Which words constitute a “jeer,” I wonder? Because I’m not seeing any.

      • RunawayPancake says:

        That’s what you cherry-pick to respond to?

      • Sensitive Soul says:

        Hi Amy, thanks for responding. For me, it’s not about any specific words, it’s the implication. The review says that the constructors get a “good job” because there were 9 inclusive entries and only 2 “straight men of European descent.” I think it’s clear that if the numbers were 9 and 12, instead of 9 and 2, that would not be considered a good job. (Or at least, not *as* good of a job.) And it follows pretty directly that the fewer straight white men, the better. So that’s why that sentence reads as a jeer. Does that make sense?

        • Amy Reynaldo says:

          It doesn’t make sense from my perspective. Please put yourself in the shoes of a woman, person of color, or LGBTQ person who has gone decades mostly seeing references to men, white people, and straight people. Yes, it is time to see a broader spectrum of human achievement represented and not just what white men have done. There are centuries in which everyone else’s contributions were discouraged, overlooked, forgotten.

          Given that straight white men do NOT make up a majority of this country’s population and are an even smaller fraction of the world’s population, it would be disproportionate to have even half the people referenced in a puzzle be white men.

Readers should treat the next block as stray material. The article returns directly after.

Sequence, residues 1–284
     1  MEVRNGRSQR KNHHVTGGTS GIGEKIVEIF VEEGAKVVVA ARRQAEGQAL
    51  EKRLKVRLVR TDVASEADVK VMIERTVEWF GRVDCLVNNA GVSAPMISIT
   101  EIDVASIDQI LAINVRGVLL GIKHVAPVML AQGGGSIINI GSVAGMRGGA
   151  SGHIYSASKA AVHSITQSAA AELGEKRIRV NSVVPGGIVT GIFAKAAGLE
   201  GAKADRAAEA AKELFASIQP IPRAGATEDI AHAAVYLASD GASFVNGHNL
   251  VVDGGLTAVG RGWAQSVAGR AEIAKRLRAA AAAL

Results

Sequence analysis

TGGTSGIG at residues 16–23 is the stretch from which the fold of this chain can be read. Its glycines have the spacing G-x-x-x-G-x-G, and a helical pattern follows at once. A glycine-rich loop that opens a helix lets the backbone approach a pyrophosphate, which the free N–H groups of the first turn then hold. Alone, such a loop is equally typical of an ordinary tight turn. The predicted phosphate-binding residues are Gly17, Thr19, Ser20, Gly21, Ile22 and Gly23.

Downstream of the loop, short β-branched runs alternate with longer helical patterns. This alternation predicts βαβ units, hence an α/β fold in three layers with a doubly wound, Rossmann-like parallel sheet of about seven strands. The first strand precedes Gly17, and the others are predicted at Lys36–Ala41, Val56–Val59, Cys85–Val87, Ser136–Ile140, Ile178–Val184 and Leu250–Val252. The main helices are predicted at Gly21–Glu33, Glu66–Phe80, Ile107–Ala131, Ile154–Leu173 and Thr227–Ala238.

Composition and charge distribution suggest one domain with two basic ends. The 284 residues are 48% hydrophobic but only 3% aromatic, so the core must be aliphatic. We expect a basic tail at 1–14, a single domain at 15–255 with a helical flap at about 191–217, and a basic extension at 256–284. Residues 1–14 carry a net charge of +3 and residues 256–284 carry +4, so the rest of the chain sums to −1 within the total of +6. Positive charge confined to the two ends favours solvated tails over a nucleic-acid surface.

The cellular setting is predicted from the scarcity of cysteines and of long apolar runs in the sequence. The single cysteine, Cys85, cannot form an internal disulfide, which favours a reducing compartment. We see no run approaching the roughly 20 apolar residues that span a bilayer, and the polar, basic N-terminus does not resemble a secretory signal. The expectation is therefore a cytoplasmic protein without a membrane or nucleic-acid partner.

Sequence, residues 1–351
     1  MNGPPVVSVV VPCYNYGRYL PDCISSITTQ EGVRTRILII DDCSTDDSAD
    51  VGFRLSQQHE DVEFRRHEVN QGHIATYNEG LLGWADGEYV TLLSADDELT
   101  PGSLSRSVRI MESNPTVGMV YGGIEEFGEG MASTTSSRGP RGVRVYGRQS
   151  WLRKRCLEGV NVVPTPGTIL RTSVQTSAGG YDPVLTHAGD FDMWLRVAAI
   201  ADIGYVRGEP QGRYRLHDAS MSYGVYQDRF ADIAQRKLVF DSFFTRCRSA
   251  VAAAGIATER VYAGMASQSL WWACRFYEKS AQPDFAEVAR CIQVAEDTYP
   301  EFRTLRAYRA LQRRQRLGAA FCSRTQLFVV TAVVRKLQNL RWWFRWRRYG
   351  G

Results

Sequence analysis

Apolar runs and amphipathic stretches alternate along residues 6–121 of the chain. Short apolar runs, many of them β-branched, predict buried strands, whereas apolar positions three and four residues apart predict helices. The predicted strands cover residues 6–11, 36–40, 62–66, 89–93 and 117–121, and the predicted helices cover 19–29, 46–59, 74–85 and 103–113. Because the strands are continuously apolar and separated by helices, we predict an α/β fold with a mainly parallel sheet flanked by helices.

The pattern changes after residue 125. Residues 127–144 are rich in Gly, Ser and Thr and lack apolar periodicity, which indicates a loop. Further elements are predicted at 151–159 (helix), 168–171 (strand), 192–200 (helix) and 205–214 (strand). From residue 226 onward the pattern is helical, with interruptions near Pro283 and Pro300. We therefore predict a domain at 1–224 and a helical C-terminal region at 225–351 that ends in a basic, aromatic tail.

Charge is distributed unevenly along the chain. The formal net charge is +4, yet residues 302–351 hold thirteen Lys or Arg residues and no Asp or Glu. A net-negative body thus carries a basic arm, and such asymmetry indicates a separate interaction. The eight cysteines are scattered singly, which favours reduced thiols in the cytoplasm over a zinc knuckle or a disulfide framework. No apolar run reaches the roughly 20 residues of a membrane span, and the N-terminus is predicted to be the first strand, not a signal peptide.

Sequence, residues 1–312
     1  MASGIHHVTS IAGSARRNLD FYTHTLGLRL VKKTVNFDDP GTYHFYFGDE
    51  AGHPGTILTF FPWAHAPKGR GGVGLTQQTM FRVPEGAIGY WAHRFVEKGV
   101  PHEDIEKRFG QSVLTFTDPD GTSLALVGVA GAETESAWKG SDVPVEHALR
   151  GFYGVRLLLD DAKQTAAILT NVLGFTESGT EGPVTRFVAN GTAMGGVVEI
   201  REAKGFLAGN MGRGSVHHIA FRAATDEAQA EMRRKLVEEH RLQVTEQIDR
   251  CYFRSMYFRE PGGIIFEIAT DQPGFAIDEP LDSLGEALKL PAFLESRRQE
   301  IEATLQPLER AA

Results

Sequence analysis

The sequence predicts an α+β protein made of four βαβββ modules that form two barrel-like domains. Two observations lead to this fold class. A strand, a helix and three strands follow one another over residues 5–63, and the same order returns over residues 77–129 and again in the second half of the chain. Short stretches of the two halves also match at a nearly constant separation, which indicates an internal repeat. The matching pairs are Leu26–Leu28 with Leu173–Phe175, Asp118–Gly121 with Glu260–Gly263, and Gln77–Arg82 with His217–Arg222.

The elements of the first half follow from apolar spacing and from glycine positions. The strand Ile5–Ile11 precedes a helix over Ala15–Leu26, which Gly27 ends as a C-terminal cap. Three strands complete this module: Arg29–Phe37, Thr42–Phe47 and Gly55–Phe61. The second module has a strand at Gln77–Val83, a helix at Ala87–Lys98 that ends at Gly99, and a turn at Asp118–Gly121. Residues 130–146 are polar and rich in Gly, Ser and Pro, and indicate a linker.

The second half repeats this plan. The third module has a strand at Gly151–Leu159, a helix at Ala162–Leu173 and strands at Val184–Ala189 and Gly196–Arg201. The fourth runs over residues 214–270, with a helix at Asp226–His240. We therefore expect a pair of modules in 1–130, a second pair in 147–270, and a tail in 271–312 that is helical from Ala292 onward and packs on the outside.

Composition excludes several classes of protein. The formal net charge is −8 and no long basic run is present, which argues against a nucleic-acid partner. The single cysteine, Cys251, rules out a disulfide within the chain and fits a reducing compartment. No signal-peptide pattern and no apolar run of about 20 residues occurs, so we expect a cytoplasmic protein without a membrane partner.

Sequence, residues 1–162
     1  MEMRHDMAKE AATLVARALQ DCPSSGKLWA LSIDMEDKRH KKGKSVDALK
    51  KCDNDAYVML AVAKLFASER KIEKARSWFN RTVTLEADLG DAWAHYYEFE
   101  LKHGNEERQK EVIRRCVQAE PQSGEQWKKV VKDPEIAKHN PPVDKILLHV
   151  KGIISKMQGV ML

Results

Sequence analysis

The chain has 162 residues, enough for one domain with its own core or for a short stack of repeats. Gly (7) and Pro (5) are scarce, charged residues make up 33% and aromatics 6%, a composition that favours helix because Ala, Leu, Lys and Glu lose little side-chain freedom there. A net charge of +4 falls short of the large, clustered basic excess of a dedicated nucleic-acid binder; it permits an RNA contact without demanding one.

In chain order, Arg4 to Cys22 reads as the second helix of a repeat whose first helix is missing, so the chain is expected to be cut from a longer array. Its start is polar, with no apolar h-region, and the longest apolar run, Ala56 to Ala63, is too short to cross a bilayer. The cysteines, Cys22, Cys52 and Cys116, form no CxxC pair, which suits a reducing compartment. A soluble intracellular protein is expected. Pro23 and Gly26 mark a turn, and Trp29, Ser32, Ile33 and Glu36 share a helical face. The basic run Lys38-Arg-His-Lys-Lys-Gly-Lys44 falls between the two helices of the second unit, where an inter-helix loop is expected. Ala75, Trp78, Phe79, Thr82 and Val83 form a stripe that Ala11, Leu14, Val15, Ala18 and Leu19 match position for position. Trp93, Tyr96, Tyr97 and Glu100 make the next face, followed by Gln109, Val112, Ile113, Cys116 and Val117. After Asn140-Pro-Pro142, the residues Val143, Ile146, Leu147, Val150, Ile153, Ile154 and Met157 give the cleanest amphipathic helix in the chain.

Plus, let’s be candid: White men still make up a majority of our Senate, Fortune 500 executives, college presidents, etc. To overlook that societal power imbalance and pout that a crossword blogger is tired of that imbalance being shoved down our throats in crossword puzzles … can’t you just be heartened by the fact that white men pull the strings and get over having your feelings hurt by someone not praising white men?

          • Sensitive Soul says:

            Hi Amy. I do try to put myself in your shoes, and I agree completely — and I always favor underrepresented people in my puzzles. And you’ll get no argument from me about the continued dominance of straight white men in Western society. So I ask that you please don’t assume that I’m overlooking any of that, or that I’m pouting.